Bennett has a unique theory that a main function of Bosom Serpent legends is to show that science, doctors, and modern medicine are not always right and cannot be blindly trusted. Throughout time there have been people who were weary of the progression of modern medicine and scientific practices, which helps explain why Bosom Serpent legends have been in circulation for so long. Even today, most people have some degree of anxiety related to scientific progress. No matter which of the two endings a Bosom Serpent legend takes, both options shed a negative light on the scientific and medical communities. If, at the end of the story the patient lives by taking advice from a healer using an unscientific, but more traditional approach, it makes the doctor look foolish, untrustworthy, and unknowledgeable. In the variants where the patient listens to the doctor and ignores the pain, it results in their death. Even though the doctor believed that based on scientific research it was an impossible ailment, modern medical practices failed. The episode of The X-Files called, “Fresh Bones” mentioned a victim who believed that something was living in her stomach. When the victim visited the doctor, he did not believe her and did not provide any treatment, which resulted in her death. When the medical examiner opened her stomach snakes crawled out, which is a perfect example of how modern medicine and scientific research was wrong and that more traditional healing methods may be more efficient. It is, of course, important to note that the episode of The X-Files where the legend appears has many supernatural elements to the story and is not realistic. Mistrust of modern medicine and science is a major theme in most variants of the Bosom Serpent legend and can be seen when the patient is forced to choose between believing their doctor and seeking a second opinion from a healer who has not been medically trained.
Bosom Serpent legends are still in circulation today, but they normally involve worms rather than snakes and lizards (Bennett). A widespread modern adaptation of the Bosom Serpent legend is that there are diet pills being sold that contain tapeworms (Bennett). In theory, the tapeworm would consume most of the dieter’s food, resulting in a major weight loss. The famous opera singer Maria Callas was accused of using tapeworms to lose sixty pounds in 1953, but that rumor has now been disproven (Grabianowski). In fact, there has been no evidence that anyone has ever intentionally swallowed a tapeworm for weight loss or that companies have ever used tapeworms in diet pills (Grabianowski). The tapeworm diet pill variant of the Bosom Serpent legend is unusual because a person wants to be parasitized by the tapeworm and intentionally swallows it whereas in older variants of the legend the person never wanted to have the animal living inside their body.
Grabianowski says that modern science has debunked the theory that tapeworms can be coaxed out of the body. Many variants of the legend involve a patient not eating for a few days (to starve the tapeworm) and then putting food (usually milk) in front of their mouth to coax the worm to leave the body. Grabianowski says that tapeworms are too simple to be able to sense food outside of the body that they’re infesting.
The folklorist Harold Schechter studied how legends are interpreted by both popular and serious art forms. He uses Hawthorne’s “Egotism; Or, The Bosom Serpent” as an example of a “serious” art and the film 1979 film Alien as the example of “popular art” for the Bosom Serpent legend. Schechter argued that, “…serious art transforms the raw material of folk literature, popular art simply transmits it.” Schechter continued, “The difference between the serious and the popular artist in relation to folklore is that, almost invariably, the former will utilize a folk motif as a way of achieving some larger (frequently thematic) end.” Hawthorne used the Bosom Serpent metaphorically in his short story, which aligns with Schechter’s theory that “serious” artists can transform folklore into something bigger with a meaning. In Alien and “Fresh Bones” from The X-Files the Bosom Serpent legend is portrayed in a very direct and literal fashion, which according to Schechter, is more typical of art that is intended for popular culture.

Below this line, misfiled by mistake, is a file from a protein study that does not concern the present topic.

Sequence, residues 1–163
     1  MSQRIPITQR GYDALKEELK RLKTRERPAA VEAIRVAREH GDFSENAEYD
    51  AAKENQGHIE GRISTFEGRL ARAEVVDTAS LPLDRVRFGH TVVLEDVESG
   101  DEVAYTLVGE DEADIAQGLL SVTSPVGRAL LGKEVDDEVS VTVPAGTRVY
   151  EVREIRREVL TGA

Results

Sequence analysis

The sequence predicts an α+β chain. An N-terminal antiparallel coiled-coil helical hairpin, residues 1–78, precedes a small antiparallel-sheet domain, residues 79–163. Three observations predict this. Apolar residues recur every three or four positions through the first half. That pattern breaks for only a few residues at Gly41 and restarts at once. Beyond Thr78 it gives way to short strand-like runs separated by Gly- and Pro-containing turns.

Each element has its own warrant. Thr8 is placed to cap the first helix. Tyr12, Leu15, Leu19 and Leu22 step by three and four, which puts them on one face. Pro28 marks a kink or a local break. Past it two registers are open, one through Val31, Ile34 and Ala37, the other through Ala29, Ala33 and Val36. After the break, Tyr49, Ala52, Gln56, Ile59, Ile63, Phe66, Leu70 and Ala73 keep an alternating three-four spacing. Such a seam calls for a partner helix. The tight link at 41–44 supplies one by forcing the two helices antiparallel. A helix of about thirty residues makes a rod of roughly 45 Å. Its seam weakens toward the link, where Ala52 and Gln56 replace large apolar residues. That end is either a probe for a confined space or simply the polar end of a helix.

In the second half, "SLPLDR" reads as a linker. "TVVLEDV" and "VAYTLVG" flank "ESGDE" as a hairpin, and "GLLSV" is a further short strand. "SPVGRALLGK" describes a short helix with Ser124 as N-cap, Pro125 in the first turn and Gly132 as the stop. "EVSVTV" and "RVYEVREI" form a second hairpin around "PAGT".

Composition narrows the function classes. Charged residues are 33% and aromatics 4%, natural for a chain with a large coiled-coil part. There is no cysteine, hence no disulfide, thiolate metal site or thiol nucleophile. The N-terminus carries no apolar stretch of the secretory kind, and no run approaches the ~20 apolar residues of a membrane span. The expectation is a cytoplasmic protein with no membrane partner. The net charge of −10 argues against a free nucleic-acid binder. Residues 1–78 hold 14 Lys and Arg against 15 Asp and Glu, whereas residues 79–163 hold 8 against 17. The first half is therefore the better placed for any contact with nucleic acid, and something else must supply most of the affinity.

The earliest accounts of Bosom Serpent legends are different from the modern variants in a few key ways. First of all, the legend complex was originally used as an allegory for guilt that involved a serpent occupying the hearts of sinners representing the sin they had committed. The metaphorical serpent could not be removed just as the sinner could not get over their guilt. During the 17th and 18th centuries in the United States when preachers were employing the Bosom Serpent legend, complex, puritanical beliefs had reached a peak and societal anxiety about sin was high. In other cases the legend was involved in classism and the hygiene “ignorance” of lower class people, which was covered in newspapers during the 1700s. Since the beginning of the 19th century, stories about using tapeworms as a diet aid began circulating. Today’s culture has put a major emphasis on appearance and weight, so it makes sense that the tapeworm legend is the most common variant in the present day and that today’s “Bosom Serpent” is used as a weight loss method. Shifting societal anxieties and cultural values over time seem to have influenced many aspects of the evolution of the Bosom Serpent legend complex.
Barnes, Daniel R. “The Bosom Serpent: A Legend in American Literature and Culture.” Journal of American Folklore 85.336 (972): 112-22. Print.
Bennett, Gillian. Bodies: Sex, Violence, Disease, and Death in Contemporary Legend. Jackson, MS: University of Mississippi, 2005. Print.
Bush, Sargent. “Bosom Serpents before Hawthorne: The Origins of a Symbol.” American Literature 23.2 (1971).
Grabianowski, Ed. “Tapeworm Myths.” Discovery Health. N.p., n.d. Web. <http://health.howstuffworks.com/wellness/diet-fitness/weight-loss/tapeworm-weight-loss2.htm>.
Schechter, Harold. The Bosom Serpent: Folklore and Popular Art. Iowa City: University of Iowa, 1988. Print.